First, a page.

Amanda Berry Smith was born as a slave in Maryland in 1837, the oldest of thirteen children. When Amanda was in her early teens, her father purchased the family's freedom. Amanda's first husband died during the Civil War, while serving in an African American military unit.
Amanda had little formal education, but she had a gift for speaking and singing. Her talents led to her nicknames "the Singing Pilgrim" and "God's Image Carved in Ebony." During her early thirties, Amanda began in evangelizing in New York City, receiving inspiration at a local African Methodist Episcopal (AME) Church. She became a charger member of the Women's Christian Temperance Union in 1875, and was associated with the African American Women's Clubs.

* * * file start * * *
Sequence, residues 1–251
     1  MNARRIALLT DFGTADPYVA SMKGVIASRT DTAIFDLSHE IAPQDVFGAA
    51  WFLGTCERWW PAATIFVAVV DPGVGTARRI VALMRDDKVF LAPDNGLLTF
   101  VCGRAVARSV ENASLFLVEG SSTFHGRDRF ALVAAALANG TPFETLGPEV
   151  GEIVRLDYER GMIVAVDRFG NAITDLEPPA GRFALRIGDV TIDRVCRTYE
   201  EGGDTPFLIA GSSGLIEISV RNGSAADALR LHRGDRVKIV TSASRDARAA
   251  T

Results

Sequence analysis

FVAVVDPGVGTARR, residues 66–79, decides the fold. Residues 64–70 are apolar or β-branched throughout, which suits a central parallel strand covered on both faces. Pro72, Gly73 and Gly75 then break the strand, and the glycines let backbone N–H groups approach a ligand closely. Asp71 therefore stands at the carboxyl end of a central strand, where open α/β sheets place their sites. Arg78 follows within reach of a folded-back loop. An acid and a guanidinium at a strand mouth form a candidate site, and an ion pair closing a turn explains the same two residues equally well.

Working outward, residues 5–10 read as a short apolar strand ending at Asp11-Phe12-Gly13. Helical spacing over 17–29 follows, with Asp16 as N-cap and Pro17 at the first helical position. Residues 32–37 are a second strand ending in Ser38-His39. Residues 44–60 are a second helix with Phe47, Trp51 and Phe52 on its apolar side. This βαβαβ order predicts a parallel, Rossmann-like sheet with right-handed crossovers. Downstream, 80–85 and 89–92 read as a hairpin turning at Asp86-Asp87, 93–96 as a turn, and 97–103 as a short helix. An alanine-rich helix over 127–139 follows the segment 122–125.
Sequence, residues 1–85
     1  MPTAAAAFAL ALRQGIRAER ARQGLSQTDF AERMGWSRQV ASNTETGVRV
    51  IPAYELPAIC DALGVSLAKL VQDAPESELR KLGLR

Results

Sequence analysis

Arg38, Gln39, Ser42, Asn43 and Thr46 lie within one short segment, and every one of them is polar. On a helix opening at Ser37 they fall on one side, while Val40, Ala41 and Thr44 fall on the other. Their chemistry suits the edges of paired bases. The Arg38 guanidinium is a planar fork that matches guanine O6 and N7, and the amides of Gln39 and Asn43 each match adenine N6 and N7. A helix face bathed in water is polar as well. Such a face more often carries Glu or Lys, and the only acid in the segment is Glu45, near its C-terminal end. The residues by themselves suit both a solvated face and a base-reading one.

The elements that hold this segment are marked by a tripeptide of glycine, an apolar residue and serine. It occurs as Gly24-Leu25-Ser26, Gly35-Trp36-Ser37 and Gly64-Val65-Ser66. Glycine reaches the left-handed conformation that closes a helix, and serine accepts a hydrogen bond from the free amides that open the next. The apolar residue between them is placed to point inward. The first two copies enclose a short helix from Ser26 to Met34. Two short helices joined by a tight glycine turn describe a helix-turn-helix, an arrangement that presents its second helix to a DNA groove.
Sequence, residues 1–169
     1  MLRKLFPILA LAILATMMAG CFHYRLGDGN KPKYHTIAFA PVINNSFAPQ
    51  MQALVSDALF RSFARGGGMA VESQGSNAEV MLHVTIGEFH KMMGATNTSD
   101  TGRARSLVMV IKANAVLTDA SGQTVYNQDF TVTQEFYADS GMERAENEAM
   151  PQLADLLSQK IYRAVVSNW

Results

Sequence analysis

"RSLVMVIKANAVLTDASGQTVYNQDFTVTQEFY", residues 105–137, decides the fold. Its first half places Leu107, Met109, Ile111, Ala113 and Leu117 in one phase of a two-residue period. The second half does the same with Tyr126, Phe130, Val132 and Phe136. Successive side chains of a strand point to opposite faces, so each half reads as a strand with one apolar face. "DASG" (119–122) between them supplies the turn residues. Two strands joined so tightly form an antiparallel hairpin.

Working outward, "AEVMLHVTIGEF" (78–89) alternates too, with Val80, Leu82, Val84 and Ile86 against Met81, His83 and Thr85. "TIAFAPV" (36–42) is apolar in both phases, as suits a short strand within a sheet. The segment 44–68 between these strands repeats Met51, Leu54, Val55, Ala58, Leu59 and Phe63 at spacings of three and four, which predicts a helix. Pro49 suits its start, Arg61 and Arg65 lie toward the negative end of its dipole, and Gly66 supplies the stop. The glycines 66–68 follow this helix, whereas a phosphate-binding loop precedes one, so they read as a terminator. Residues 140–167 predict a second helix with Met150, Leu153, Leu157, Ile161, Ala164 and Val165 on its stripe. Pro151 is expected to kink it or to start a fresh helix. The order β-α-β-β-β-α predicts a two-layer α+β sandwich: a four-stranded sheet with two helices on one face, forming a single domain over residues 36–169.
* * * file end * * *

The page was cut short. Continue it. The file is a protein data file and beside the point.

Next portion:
Before 1880 embarked on a twelve-year missionary trip through Europe, Asia, and Africa. She spent eight years in Liberia and West Africa, establishing churches and temperance societies.
She settled in Chicago in 1893. Amanda raised funds to open an orphan home for African American children. During this time, Harvey, Illinois, was being developed and marketed as a community with high moral, religious, and temperance character. Smith's purchased property in Harvey in 1895. The orphan's home opened in Harvey in 1899 and has the distinction of being Illinois' first orphanage for African American children. Her fundraising efforts allowed the school and home to operate without government assistance. Ida B. Wells, another African American social reformer, served on the Board of Directors of the orphanage. Although Smith retired from orphanage work in 1912 due to illness, dying in Florida in 1915, the home remained open until destroyed by fire in 1918.